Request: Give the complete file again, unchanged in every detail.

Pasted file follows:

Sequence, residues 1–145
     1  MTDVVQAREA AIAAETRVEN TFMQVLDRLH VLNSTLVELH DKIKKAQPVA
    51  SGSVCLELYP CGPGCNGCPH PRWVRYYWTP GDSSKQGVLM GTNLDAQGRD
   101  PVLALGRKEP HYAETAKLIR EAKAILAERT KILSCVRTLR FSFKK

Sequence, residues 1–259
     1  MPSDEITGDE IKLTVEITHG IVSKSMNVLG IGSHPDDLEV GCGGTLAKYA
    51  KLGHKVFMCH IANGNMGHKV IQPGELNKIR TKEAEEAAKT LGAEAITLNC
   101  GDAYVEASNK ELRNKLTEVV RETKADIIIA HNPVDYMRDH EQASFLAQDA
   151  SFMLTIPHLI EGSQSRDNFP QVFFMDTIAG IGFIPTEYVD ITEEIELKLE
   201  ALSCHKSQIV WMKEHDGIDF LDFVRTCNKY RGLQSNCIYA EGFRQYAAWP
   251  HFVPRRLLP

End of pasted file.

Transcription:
Sequence, residues 1–145
     1  MTDVVQAREA AIAAETRVEN TFMQVLDRLH VLNSTLVELH DKIKKAQPVA
    51  SGSVCLELYP CGPGCNGCPH PRWVRYYWTP GDSSKQGVLM GTNLDAQGRD
   101  PVLALGRKEP HYAETAKLIR EAKAILAERT KILSCVRTLR FSFKK

Sequence, residues 1–259
     1  MPSDEITGDE IKLTVEITHG IVSKSMNVLG IGSHPDDLEV GCGGTLAKYA
    51  KLGHKVFMCH IANGNMGHKV IQPGELNKIR TKEAEEAAKT LGAEAITLNC
   101  GDAYVEASNK ELRNKLTEVV RETKADIIIA HNPVDYMRDH EQASFLAQDA
   151  SFMLTIPHLI EGSQSRDNFP QVFFMDTIAG IGFIPTEYVD ITEEIELKLE
   201  ALSCHKSQIV WMKEHDGIDF LDFVRTCNKY RGLQSNCIYA EGFRQYAAWP
   251  HFVPRRLLP